Carbon markets

Countries that have built national systems to both manage forests sustainably —leading to reduced forest emissions and enhancement of forest carbon sequestration — as well as monitor changes in forest cover and land use, are now assessing how to strategically engage in carbon markets as a source of finance to deliver their climate pledges. If designed in line with UNFCCC requirements and following high-integrity criteria, carbon markets can offer an important source of finance to developing countries.

Forest-rich countries are starting to strategically engage in carbon markets in the context of delivering their NDCs. Costa Rica is currently undergoing validation and verification of forest-based emission reductions with the objective to have verified credits issued through the Architecture for REDD+ Transactions (ART). UNDP has been supporting Costa Rica in the application of ART’s TREES standard for the quantification, monitoring, reporting, and verification of greenhouse gas emission reductions and removals from REDD+ activities at a jurisdictional and national scale.

Meanwhile, countries such as Peru are already pioneering the implementation of carbon market instruments developed through voluntary cooperation among countries. In 2020, the country signed the first bilateral agreement for cooperation in carbon markets under Article 6.2 of the Paris Agreement. This agreement with Switzerland set a standard for ensuring environmental integrity of international transfers of mitigation outcomes (ITMOs).

Photo credit: UNDP Peru/GEF-TICCA
Blue economy

The blue economy concept centres on the sustainable use of ocean resources for economic growth, jobs and social and financial inclusion, with a focus on the preservation and restoration of the health of ocean ecosystems and the services they provide.

The islands of Barbados, Grenada and Saint Vincent and the Grenadines are working to create financial frameworks and conditions that drive finance towards blue economy opportunities. UNDP is working in the region to provide technical support on how to better integrate marine and coastal components within national climate goals, focusing on the concepts of blue economy, blue carbon ecosystems, and nature-based solutions and their potential to increase climate ambition and tap into climate finance.

Biodiversity funds

LAC is one of the most biodiverse regions on the planet. A recent report by the World Wildlife Fund shows that the region is suffering the highest decrease in biodiversity, with a decline registered in 94 percent of monitored wildlife populations.

Globally, it is estimated that $700 billion a year is needed to reverse the biodiversity crisis. The BIOFIN initiative, created by UNDP and the European Commission, is working with 40 countries worldwide to catalyze investments in nature.

In countries like Mexico and Argentina, BIOFIN is supporting governments, civil-society, vulnerable communities, and the private sector to find innovative finance solutions to protect nature and biodiversity, while unlocking economic opportunities. Finance solutions include a wide range of instruments, such as grants to fund biodiversity conservation activities, green bonds, insurance schemes to cover the costs of environmental disasters, fiscal measures, like green taxes or subsidies phase-out, and payments for ecosystem services.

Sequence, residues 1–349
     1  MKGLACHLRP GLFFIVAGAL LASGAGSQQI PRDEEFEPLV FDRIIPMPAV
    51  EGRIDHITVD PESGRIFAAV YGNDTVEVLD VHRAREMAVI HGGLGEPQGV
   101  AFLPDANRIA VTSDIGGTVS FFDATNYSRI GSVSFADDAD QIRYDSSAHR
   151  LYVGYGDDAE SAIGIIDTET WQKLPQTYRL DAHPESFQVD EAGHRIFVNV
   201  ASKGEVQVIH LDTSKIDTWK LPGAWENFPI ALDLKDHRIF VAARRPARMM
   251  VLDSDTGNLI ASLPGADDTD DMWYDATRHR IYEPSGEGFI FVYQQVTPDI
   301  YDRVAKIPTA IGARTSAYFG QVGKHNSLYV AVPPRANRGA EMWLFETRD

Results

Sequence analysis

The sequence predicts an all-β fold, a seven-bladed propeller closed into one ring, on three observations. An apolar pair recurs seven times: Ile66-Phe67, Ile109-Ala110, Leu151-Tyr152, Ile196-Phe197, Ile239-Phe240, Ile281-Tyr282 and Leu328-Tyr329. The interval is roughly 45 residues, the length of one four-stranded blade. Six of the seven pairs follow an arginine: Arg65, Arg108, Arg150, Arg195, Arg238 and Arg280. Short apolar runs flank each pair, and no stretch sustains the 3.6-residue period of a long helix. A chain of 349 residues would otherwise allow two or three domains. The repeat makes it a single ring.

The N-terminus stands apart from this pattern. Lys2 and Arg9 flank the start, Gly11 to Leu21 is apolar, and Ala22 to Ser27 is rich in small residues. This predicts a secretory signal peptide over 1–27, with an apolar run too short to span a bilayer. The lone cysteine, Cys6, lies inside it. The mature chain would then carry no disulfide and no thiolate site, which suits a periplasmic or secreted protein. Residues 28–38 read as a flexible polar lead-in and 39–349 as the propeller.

Public finance planning

Budgeting tools for public investments and national climate finance strategies are key to identifying countries’ specific climate investment needs and gaps and to track government’s spending on climate. Having such data and information contributes to the evidence base for domestic public sector spending on climate and can help attract more climate finance.

Chile has been working on introducing climate budget tools into its fiscal and macroeconomic policy. This includes the revision and planning of public finance to achieve the 2050 net-zero targets and the evaluation of costs and financial requirements to achieve carbon neutrality in the Chilean energy sector.

Learning from the experiences of Chile, Argentina, Ecuador, El Salvador and Panama are reviewing and adjusting their public finance planning with the aim to increase the allocation of resources for climate projects and policies.

Aerial view of coastal city in Chile
Photo credit: Adapta Clima, Chile

Securing the necessary investments and financial flows in the LAC region will require international support, as well as strengthening the capacities of governments and the private sector to mobilize funds. There is a demand for tools to measure and account for the financial flows needed, to identify where the gaps are, to create awareness among the public, and to build the capacity of governments, businesses, and citizens on climate finance.

By empowering governments to align their financial instruments with climate goals, UNDP is fostering an environment where sustainable finance becomes a significant driver of positive change in the region.

Editor's Note: If you enjoyed this piece, check out our explainer on climate finance.